Dallas City Council OKs sale of Farmer's Market



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Posted on February 27, 2013 at 5:47 PM

Updated Thursday, Dec 5 at 4:28 AM

Dallas Farmer's Market

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DALLAS –– On Wednesday, the Dallas City Council gave the go-ahead to move forward with a $64 million privatization plan for the Farmer's Market downtown.

“We are really excited about it," said Mark Ruibal, whose family owns Ruibal's Plants of Texas, located near Marilla Street and South Pearl Expressway.  

For years, the city-owned market has struggled. Dallas has been forced to issue subsides for it with taxpayer dollars to keep it running. 

The Council's approval now paves the road for a group of private investors to buy most of the market.

"Some of the deed restrictions said the Farmer's Market still has to operate," Ruibal said. "It has to be local farmers, some will be displaced, but still in the area." 

City planners hope the privitazation will create an urban neighborhood "for people of all income levels" that will be anchored by the new Farmer's Market. According to a Council briefing, the idea is to bring a mix of townhouses, low-rise apartments and condos to the area.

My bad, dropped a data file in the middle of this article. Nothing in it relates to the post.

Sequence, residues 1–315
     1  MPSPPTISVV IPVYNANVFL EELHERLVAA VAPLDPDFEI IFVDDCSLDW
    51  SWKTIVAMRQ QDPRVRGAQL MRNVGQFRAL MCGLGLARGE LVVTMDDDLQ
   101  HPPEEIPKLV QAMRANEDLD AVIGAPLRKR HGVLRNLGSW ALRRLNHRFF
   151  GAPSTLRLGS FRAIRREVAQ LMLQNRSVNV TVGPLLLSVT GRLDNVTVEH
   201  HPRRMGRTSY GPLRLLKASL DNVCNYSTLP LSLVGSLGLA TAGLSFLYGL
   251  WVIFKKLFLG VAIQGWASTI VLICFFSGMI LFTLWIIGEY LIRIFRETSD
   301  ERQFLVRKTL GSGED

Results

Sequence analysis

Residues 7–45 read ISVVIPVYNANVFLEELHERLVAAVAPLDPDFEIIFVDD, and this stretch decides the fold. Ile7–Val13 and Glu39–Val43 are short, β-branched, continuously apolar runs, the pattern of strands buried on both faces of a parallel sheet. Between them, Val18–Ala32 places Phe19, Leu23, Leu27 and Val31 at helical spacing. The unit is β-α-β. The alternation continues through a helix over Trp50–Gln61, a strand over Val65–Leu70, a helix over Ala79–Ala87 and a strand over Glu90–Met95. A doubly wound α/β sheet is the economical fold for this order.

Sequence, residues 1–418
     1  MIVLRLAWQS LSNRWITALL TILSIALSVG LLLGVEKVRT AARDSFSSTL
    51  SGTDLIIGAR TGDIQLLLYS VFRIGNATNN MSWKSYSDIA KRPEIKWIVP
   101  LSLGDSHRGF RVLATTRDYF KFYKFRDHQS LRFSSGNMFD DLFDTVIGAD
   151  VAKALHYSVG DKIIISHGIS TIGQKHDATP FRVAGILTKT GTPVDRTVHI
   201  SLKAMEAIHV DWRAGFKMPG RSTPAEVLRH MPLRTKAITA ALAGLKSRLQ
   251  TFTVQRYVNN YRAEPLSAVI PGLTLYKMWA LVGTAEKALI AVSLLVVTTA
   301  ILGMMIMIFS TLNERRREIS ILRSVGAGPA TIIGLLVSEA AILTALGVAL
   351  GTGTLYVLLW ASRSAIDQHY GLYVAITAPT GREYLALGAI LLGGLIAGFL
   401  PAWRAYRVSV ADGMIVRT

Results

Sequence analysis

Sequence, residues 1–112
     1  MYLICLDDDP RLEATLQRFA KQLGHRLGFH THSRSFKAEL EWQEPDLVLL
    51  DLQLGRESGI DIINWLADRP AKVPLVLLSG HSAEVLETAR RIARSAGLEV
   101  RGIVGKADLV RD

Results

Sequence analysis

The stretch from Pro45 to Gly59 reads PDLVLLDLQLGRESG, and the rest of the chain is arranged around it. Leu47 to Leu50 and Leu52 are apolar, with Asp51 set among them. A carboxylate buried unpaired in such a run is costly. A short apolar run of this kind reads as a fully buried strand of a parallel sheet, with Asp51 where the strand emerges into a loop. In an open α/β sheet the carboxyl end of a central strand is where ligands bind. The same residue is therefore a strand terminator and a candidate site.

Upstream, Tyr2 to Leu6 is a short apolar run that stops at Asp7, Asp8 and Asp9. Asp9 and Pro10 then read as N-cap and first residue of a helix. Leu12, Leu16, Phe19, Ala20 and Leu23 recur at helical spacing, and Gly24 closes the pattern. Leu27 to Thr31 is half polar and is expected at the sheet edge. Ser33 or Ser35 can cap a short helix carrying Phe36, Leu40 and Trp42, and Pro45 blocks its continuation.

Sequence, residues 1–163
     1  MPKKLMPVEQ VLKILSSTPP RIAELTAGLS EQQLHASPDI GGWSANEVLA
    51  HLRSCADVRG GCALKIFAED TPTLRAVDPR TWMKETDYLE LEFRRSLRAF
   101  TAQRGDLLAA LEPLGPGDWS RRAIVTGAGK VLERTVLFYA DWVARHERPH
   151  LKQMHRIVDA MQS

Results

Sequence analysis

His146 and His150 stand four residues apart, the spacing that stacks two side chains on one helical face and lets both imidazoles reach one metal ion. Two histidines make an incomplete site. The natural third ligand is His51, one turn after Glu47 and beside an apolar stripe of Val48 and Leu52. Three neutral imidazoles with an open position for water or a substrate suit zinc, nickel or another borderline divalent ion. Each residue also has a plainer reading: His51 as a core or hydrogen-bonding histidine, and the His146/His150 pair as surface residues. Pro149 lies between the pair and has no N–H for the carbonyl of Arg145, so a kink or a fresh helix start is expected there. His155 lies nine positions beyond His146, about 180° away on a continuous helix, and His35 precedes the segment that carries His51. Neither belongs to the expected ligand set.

The new Farmer's Market will add a "fresh food-oriented urban neighborhood" that serves Downtown, the Cedars, Deep Ellum and Fair Park –– neighborhoods where grocery stores are scant. 

Shed 1 will be renovated to "increase and improve space available for local farmers," the Council briefing says. Shed 2, where local farmers currently sell produce, will highlight restaurants based in Dallas. Shed 3 and Shed 4 will become a new mixed-used development with more than 240 apartment units and ground floor retail.

An unused parking lot is slated to become a community garden.

To help generate interest, the city will expand the boundaries of a nearby Tax Increment Financing (TIF) district to include the area, giving tax breaks to potential future tenants. City officials hope to enact this by June. 

Ruibal's family has operated their popular business for 29 years at the market. They are in support of the plan, which they hope will generate more business with retail shops, an apartment complex, restaurants and a culinary institute.

"And in those restaurants you'll have chefs that will do cooking demonstrations, so you will have a whole bunch of stuff. You aren't just coming for the fruits and veggies at that point," he said.

The city will get $3.2 million for the property, which will be used to pay off exiting debt. Business owners like Mark Ruibal say they are ready for the crowds they hope will be pouring in.

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